In Your Nursing Resume, Create a Summary of Qualifications
At the beginning of the resume, create a brief paragraph, no longer than five lines, that explains your most pertinent skills and experiences. This can be considered the 60-second pitch that you would use to sell yourself to the hiring manager if you happened to be stuck with him or her in an elevator for a floor or two. You may list some certifications, vital skills, your nursing goal, and the amount of experience that you have obtained. Remember, while it should be brief, it should also make the most effective use of space that it possibly can. This will determine whether or not the hiring manager will read on.
In Your Nursing Resume, Emphasize Relevant Nursing Experience
It is vital that healthcare professionals stress their past experience in the healthcare field. Hiring managers need to know that you have the knowledge and skills necessary to successfully carry out the responsibilities of the job. This means being as specific as possible. Issues such as the type of facility where you worked and gained experience, area or areas of expertise, volunteer experience at a clinic, and your past caseloads should all be addressed.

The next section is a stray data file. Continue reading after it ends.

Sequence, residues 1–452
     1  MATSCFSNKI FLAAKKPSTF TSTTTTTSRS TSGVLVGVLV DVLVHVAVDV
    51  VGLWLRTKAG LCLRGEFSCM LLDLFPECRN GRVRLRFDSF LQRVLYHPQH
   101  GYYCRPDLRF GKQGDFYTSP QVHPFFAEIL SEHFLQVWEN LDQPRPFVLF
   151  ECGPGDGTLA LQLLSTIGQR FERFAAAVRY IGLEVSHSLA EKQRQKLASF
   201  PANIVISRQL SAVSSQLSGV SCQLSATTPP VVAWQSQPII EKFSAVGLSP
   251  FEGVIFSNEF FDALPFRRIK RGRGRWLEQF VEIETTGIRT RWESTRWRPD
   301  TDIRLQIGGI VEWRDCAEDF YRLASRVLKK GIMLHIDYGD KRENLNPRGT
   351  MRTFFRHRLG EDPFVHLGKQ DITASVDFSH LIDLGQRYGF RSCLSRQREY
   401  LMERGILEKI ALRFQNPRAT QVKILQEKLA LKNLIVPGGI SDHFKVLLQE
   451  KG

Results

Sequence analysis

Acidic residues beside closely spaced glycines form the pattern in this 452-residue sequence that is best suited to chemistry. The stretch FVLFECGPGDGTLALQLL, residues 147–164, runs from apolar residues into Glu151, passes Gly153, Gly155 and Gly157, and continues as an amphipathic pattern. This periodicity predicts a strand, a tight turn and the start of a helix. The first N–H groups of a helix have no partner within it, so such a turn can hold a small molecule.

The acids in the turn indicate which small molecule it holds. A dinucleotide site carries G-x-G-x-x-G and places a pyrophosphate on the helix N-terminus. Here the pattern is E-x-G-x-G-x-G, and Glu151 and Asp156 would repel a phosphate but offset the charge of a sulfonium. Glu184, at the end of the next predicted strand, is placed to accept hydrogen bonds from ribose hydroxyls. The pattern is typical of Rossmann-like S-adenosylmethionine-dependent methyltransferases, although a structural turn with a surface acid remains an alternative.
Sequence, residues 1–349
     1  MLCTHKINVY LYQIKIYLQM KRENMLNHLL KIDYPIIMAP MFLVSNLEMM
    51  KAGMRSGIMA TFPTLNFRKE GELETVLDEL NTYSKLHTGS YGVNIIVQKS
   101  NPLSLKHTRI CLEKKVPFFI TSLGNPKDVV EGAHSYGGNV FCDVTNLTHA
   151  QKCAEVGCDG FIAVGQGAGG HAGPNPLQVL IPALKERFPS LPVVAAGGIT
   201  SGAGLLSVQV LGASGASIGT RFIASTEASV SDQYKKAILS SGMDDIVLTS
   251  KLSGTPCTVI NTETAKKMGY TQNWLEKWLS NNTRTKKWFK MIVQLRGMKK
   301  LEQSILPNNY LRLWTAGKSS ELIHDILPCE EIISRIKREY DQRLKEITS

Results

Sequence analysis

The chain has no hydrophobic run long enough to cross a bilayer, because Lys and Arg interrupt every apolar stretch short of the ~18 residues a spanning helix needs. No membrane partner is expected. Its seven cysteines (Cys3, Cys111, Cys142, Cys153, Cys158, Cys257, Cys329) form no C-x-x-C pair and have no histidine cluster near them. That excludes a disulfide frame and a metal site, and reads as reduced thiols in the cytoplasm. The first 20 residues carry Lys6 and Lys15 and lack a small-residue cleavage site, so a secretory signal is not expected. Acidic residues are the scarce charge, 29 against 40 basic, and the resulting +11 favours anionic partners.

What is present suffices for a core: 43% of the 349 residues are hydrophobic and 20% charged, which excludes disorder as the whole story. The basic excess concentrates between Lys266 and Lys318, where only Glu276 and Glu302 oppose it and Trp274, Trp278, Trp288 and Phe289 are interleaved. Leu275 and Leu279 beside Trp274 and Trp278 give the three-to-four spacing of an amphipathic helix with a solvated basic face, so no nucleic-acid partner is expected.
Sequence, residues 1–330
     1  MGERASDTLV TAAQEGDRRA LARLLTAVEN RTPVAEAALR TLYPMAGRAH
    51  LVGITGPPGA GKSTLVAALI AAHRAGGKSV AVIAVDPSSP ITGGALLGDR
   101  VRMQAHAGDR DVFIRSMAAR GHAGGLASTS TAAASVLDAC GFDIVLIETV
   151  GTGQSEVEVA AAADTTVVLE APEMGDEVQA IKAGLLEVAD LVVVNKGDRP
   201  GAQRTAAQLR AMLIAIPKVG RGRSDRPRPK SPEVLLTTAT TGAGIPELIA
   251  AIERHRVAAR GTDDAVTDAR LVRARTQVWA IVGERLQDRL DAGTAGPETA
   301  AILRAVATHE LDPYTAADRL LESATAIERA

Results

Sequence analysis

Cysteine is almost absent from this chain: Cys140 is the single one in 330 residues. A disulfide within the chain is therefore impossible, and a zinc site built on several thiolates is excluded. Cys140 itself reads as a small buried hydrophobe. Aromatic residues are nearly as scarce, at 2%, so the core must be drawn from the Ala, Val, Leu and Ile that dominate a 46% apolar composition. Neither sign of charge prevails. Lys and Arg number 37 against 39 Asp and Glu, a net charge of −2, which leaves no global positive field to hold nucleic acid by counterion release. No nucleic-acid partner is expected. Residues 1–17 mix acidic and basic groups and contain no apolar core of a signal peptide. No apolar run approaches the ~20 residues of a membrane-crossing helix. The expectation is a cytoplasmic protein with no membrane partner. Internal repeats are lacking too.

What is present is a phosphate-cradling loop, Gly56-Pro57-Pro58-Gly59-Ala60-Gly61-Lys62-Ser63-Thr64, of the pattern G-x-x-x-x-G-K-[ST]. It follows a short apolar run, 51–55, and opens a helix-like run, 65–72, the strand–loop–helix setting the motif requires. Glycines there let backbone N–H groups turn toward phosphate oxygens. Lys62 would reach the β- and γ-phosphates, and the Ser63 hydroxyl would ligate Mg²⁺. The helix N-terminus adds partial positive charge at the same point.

In Your Nursing Resume, Create a List for Your Areas of Specialization
At the top of the resume, below the summary of qualifications, it is important to highlight the healthcare areas in which you are extremely experienced and have gained some type of expertise or vital skills which other candidates may not possess. This list will provide an instant overview of what you can provide and will motivate the hiring manager to call you in for an interview if he or she notices that you have experience in psychiatric nursing or patient assessment, for example, if that is exactly what he or she is looking for.
In Your Nursing Resume, Highlight Accomplishments
Showing an employer what you did above and beyond your normal job responsibilities is the best way to demonstrate the value you brought to your past place of employment and how you will bring value to your future employer. These accomplishments extend even beyond what you achieved at work and may include community awards that you received, for example, for the number of hours you volunteered at a free clinic. Here are some things to ask yourself when considering what accomplishments you can list:
- Were any new policies implemented by company executives that resulted in your need to train company personnel?
- Did you contribute to any community healthcare outreach programs?
- Did you receive any awards related to your job performance?
- Were you a member of a committee?